Japan’s Structural Issues Hold in 2017 while Growth Elsewhere in Asia May Be Tamed by China Risks

Although a strong dollar should help increase business sentiment in Japan this year, the nation faces a host of challenges going forward, including very high public debt that’s mostly held by Japanese creditors and a declining working-age population, according to a series of reports from credit insurer Atradius on the economic outlook of Asia’s major economies. (See this week’s eNews on the payment and insolvency issues in China and growth in India.)

Deflation has been a major issue in Japan, with GDP growth fizzling below 1% in 2017, and analysts expect more of the same this year.

“To achieve a sustainable rebound and to boost the country’s long-term economic performance, there is an urgent need to make the labor market more flexible, to end protection for farmers, doctors and pharmaceutical companies, and to introduce more business deregulation,” Atradius said.

The Philippines’ GDP is anticipated to rise more than 6% in 2017, with private consumption accounting for some 70% of the economy and a growing middle class set to contribute to ongoing growth over the near term, the credit insurer said. Foreign direct investment in the country has tripled from 2009 to 2015. Infrastructure projects are big in the country right now, from railways and airports to roads and port development.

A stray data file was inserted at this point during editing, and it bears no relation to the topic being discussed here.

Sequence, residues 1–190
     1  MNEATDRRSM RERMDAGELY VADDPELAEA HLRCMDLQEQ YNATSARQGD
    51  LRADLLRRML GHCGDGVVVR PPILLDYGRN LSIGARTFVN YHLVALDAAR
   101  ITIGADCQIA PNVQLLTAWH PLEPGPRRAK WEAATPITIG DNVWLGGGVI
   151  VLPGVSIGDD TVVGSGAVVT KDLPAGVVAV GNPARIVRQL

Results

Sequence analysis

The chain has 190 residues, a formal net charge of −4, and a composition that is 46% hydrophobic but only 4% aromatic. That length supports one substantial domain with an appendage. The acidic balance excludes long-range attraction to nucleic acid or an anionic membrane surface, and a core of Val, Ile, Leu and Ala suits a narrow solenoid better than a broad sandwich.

In Vietnam, real GDP growth is also expected to increase more than 6% in 2017, fueled by agricultural exports, while private consumption should grow thanks to low inflation, low local interest rates and rising wages, the credit insurer said.

Still, Vietnam is quite vulnerable to economic downturns in the broader Asian marketplace, where it sends about half of its exports, Atradius said. Also, “Vietnam was supposed to be a major beneficiary of the U.S.-led Trans-Pacific Partnership (which would have led to a significant increase of its medium-term growth prospects), but the decision of the U.S. administration to withdraw from the agreement has left its future in limbo,” the firm said. The business environment in the country is getting better, but ongoing infrastructure problems, corruption and the high level of state intervention in state-owned enterprises dampen productivity gains.

Malaysia should see GDP growth rise by about 4% this year, and economic growth in the country is primarily driven by private consumption and investment, Atradius said. The main risk to the economy is slowdown in China—the nation’s principle recipient of exports. “Malaysia has a well-developed financial sector, with well-capitalized banks, good credit quality and a low share of nonperforming loans (about 1%). However, a risk factor is the high level of private debt, which could become a problem if interest rates rise substantially,” the credit insurer said.

– Nicholas Stern, editorial associate

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